The North-South Expressway is good news for motorists but not so for some residents and establishments whose buildings will be affected by the development.
Residents who have been affected by the development said they want more lead time to move out.
The Good Shepherd Convent on Marymount Road which has been around for over 40 years and served thousands is facing an uncertain future.
“What affects us is that there are works here, services here, that we provide, help people – their lives are affected,” said Sister Joan Lopez.
“If the owners were informed beforehand, given notice beforehand and discussed with – there was, I think, no discussion – so there could have been an improvement in the way the notice was delivered to us,” Sister Delphine Kang added.
Some of the fences, boundary walls and grass verges of Nuovo, one of the affected condominiums along Ang Mo Kio Avenue 6 leading to Lentor Avenue, have also been gazetted.
Residents of the affected condominiums said they have not been informed of the partial land acquisitions of their homes.
Channel NewsAsia understands that residents will soon receive circulars or letters on which part of their properties will be acquired by 2013.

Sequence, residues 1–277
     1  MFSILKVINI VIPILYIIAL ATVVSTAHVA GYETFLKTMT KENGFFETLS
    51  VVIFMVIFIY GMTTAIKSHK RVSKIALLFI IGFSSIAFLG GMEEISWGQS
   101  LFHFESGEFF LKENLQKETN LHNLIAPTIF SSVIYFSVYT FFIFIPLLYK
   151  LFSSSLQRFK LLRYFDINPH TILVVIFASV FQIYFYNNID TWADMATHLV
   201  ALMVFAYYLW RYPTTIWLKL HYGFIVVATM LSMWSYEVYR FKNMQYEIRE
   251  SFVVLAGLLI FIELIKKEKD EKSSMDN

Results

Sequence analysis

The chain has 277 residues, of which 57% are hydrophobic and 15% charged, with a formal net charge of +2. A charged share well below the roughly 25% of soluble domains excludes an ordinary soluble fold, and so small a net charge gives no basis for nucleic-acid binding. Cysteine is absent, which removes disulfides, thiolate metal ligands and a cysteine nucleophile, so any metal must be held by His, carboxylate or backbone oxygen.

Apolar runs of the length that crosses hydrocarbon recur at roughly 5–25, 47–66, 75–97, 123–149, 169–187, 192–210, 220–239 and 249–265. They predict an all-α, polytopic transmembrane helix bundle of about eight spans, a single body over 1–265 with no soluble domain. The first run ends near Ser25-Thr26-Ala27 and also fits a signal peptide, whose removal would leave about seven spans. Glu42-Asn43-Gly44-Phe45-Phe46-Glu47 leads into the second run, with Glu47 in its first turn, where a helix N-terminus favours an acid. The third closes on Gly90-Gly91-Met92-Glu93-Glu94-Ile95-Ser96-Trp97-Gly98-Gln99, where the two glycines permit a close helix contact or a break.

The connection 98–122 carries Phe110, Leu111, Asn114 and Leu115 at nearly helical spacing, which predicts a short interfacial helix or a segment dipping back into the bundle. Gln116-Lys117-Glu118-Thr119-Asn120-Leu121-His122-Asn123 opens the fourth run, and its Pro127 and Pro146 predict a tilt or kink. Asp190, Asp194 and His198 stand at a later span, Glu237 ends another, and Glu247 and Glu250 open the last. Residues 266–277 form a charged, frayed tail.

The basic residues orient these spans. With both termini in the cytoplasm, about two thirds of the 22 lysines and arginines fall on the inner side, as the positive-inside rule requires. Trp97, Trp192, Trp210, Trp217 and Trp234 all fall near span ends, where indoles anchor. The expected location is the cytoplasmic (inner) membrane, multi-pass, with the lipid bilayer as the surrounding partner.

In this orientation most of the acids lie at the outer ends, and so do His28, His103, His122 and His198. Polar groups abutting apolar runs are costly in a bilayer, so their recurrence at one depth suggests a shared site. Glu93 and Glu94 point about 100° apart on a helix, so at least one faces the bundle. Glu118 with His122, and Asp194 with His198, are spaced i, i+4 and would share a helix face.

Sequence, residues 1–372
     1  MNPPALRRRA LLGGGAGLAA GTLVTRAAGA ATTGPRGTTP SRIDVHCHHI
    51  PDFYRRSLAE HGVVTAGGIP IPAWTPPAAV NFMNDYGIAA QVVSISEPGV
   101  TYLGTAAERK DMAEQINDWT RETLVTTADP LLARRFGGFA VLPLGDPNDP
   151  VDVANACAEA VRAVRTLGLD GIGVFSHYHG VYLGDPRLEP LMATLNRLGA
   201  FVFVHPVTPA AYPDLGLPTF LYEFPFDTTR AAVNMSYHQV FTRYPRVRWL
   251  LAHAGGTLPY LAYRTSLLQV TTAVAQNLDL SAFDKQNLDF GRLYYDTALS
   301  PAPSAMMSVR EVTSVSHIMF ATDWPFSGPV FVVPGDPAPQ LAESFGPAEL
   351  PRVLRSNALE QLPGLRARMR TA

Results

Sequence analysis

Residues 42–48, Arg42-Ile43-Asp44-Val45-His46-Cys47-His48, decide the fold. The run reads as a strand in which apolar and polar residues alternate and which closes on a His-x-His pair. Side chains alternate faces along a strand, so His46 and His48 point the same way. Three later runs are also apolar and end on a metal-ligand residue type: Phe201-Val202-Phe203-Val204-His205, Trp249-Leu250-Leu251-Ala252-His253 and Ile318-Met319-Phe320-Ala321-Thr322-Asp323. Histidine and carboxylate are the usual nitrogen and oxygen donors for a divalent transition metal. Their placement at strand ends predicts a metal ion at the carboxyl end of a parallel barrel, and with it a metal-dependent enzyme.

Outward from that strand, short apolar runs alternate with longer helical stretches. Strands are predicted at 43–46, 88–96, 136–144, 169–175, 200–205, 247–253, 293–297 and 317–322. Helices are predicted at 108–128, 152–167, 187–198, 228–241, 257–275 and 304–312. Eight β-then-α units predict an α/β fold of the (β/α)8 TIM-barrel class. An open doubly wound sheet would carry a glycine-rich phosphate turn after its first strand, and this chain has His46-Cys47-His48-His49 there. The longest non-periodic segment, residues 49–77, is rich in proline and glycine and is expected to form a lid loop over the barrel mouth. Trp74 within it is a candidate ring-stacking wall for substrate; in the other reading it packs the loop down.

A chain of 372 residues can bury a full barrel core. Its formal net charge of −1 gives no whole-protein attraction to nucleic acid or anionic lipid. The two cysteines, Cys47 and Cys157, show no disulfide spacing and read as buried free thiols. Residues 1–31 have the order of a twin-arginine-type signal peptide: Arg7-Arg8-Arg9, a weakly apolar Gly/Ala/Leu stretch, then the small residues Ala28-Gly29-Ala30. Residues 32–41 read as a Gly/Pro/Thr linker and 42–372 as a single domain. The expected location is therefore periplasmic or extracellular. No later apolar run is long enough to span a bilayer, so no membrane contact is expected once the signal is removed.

The expressway, which will incorporate tunnels, will be Singapore’s longest road viaduct.
Analysts said the type of expressway built could affect property prices, especially condominiums that have been partially acquired.
“The most disruptive type is actually the viaduct. If there is a viaduct that is constructed right next to the boundary of the existing condominium, basically some of the lower floors from level one to five will be adversely affected from the duct noise and dust and pollution from the viaduct. The one that affects the value and attractiveness least is a tunnel,” said Nicholas Mak, executive director, Research & Consultancy, SLP International Property Consultants.
Source : Channel NewsAsia – 21 Jan 2011